Alex Cooley's Electric Ballroom was a music venue located in Atlanta, Georgia that existed between 1974 and 1979. The original owners were Alex Cooley and Mark Golob. It was located in the Grand Ballroom of the Georgian Terrace Hotel at 663 Peachtree Street NE. It became the Agora Ballroom before closing in 1983. The structure burned down in 1987.

Georgian Terrace Hotel

The Georgian Terrace Hotel in Midtown Atlanta, part of the Fox Theatre Historic District, was designed by architect William Lee Stoddart in a Beaux-Arts style that was intended to evoke the architecture of Paris. Construction commenced on July 21, 1910, and ended on September 8, 1911, and the hotel opened on October 2, 1911. The George C. Fuller Construction Company was contractor, and the developer was Joseph F. Gatins, Jr.

Henry Grady Hotel

The Henry Grady Hotel was a 13-story hotel located at the corner of Peachtree Street and Cain St. in Atlanta from 1924-1972. The architect was G. Lloyd Preacher. It was named after Henry Grady, Georgia's most celebrated orator. It was built on the site of the third Georgia Governor's Mansion, previously the mansion of John H. James. After the Grady was demolished, the Westin Peachtree Plaza was built on the site.

Lindbergh, Atlanta Human settlement in Atlanta, Georgia, United States of America

Lindbergh, officially Lindbergh/Morosgo, is a neighborhood in the Buckhead district of Atlanta, Georgia. Most of the neighborhood consists of multi-use development combining retail, office and residential space.

The Atlanta Hotel also known as Thompson's Hotel, was one of the original hotels in antebellum Atlanta, Georgia. It stood at the northwest side of State Square, pre-war Atlanta's central square, on the northwest side of Pryor Street between Decatur Street and what is now Wall Street.

State Square

State Square was the central square of antebellum Atlanta, Georgia. The original Atlanta Union Depot designed by Edward A. Vincent stood in the middle of the square. The square was bounded by Marietta Street on the northeast, Pryor Street on the northwest, Loyd Street on the southeast, and Alabama Street on the south. The square was surrounded by Atlanta's most important buildings including the hotels Atlanta, Trout House, and Washington Hall, the Atlanta Bank, retail stores, and warehouses.

Atlanta Union Station (1871)

Atlanta's second Union Station was built in 1871 on the site of the 1853 station, burned in mid November 1864 when Federal forces left Atlanta for the March to the Sea. It was built in Second Empire style, designed by architect Max Corput. It was located at what is now Wall Street between Pryor Street and Central Avenue.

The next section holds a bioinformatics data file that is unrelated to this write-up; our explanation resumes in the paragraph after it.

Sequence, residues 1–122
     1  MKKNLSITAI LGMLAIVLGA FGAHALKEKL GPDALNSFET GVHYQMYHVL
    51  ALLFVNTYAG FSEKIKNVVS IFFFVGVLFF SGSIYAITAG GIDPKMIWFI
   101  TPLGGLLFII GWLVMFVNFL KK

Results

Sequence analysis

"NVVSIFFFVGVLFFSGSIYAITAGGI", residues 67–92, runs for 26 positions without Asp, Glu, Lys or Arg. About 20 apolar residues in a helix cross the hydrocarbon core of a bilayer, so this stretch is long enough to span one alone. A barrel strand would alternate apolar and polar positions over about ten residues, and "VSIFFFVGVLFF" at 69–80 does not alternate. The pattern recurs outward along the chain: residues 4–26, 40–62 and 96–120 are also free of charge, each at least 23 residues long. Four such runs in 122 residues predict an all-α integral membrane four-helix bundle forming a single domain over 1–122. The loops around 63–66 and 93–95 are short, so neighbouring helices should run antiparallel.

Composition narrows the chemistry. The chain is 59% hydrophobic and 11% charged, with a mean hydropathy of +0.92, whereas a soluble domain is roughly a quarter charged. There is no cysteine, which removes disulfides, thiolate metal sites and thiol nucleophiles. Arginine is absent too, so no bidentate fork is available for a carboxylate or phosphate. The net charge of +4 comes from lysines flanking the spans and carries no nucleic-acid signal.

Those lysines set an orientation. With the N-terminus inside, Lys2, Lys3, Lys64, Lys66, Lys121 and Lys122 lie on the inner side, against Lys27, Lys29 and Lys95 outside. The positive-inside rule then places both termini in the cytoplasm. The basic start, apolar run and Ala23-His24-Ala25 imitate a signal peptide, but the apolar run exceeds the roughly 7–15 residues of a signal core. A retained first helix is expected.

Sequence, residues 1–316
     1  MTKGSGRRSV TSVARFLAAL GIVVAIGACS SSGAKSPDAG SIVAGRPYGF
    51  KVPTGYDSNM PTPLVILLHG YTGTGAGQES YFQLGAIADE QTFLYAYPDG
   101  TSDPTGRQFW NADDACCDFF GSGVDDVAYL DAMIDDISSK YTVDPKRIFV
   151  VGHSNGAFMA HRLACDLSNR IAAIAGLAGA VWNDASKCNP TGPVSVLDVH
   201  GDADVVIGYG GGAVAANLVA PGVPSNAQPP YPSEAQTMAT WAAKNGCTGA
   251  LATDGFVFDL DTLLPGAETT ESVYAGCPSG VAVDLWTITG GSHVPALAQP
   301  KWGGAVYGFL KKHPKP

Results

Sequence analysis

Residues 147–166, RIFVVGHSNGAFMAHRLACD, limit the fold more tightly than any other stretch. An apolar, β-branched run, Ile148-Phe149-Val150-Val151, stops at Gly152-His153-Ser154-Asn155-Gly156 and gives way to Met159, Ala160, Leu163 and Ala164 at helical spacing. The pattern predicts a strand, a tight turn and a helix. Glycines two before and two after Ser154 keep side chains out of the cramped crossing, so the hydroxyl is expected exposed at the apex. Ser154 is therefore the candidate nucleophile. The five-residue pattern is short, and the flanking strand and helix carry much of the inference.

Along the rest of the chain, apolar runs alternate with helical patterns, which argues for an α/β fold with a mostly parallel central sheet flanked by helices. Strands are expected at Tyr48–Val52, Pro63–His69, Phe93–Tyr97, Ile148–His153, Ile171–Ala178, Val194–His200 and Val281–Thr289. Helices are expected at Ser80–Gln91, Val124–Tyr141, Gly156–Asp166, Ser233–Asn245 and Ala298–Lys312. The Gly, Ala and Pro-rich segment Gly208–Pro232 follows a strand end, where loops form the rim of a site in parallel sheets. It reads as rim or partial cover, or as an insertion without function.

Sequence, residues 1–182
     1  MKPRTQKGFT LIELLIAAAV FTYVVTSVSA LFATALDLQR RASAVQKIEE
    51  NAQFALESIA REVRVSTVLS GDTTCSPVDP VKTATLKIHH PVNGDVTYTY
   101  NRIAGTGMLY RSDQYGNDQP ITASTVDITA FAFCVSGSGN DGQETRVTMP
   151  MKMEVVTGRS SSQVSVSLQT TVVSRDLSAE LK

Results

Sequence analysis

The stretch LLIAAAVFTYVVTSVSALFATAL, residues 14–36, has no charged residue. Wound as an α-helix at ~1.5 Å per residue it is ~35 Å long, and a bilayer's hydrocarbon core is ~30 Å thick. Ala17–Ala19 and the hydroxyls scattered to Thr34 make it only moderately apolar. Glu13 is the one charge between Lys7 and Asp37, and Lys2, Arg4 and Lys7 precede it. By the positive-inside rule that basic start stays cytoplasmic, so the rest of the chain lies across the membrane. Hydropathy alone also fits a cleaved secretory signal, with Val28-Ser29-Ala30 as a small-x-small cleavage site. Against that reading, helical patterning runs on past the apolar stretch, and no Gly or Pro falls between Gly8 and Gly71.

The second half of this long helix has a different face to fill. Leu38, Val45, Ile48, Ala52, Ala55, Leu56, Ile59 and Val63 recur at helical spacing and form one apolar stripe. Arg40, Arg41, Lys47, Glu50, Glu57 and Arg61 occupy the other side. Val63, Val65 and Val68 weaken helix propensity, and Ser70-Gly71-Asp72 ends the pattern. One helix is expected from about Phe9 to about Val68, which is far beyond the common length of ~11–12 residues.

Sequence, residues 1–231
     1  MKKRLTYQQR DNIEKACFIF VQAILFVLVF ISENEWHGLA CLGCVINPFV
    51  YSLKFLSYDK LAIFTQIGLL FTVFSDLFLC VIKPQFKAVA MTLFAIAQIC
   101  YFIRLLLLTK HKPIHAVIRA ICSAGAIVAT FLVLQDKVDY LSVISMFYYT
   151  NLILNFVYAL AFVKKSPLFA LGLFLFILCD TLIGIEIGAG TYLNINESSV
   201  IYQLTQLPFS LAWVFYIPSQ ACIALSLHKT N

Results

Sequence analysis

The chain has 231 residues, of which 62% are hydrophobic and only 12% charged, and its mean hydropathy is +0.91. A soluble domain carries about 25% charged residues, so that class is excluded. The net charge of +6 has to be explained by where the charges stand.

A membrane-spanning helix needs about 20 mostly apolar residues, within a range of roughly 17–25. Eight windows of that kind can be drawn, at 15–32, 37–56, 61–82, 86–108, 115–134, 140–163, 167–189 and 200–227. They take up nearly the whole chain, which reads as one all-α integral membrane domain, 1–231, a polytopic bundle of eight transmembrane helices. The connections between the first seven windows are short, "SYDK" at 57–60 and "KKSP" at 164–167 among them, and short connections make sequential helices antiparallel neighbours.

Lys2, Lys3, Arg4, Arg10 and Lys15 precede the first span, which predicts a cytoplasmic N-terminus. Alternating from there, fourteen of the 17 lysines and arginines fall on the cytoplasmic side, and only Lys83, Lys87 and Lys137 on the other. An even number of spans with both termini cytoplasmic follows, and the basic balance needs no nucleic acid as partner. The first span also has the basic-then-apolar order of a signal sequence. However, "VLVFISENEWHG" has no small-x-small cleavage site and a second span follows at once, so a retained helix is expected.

Washington Hall was a historic hotel in antebellum Atlanta, Georgia. Built in 1846, the building was one of the earliest hotels built in the city. The hotel, along with many other structures in the city, was destroyed in 1864 during the Battle of Atlanta.

Hotel Ansley

The Hotel Ansley was a hotel that occupied the south side of Williams Street between Forsyth and Fairlie streets in the Fairlie-Poplar district of Downtown Atlanta. It was built in 1913 by Jerome B. Pound of Chattanooga, TN and named for Edwin P. Ansley, developer of the Ansley Park neighborhood; an estimated 5000 guests attended the opening of the $1,000,000 property. The property was originally managed by M.I. and Frank Harrell.

Hotel Aragon

The Hotel Aragon was a six-story, 125-room hotel at 169 Peachtree Street NE, at the southeast corner of Ellis Street in Atlanta, in what is today the Peachtree Center area of downtown. It was a major addition to the city's hotel capacity at its completion in 1892, cost $250,000, and was built and owned by George Washington Collier. It was the only major hotel in the city not adjacent to Union Station. A 1902 guidebook describes the Aragon as one of three first-class hotels in the city, together with the Kimball House and the Majestic Hotel.

Leyden House

The Leyden House was one of Atlanta's most historic homes. It was located on 124 Peachtree Street NE between Cain and Ellis streets.

Statue of Eugene Talmadge

The Eugene Talmadge statue is a public monument located on the grounds of the Georgia State Capitol in Atlanta, Georgia. Designed by Steffen Thomas, the statue was unveiled in 1949 and depicts Georgia Governor Eugene Talmadge. The statue has been the subject of recent controversy given Talmadge's white supremacist and racist views.

References

Coordinates: 33°45′14″N84°23′22″W / 33.7538°N 84.3895°W / 33.7538; -84.3895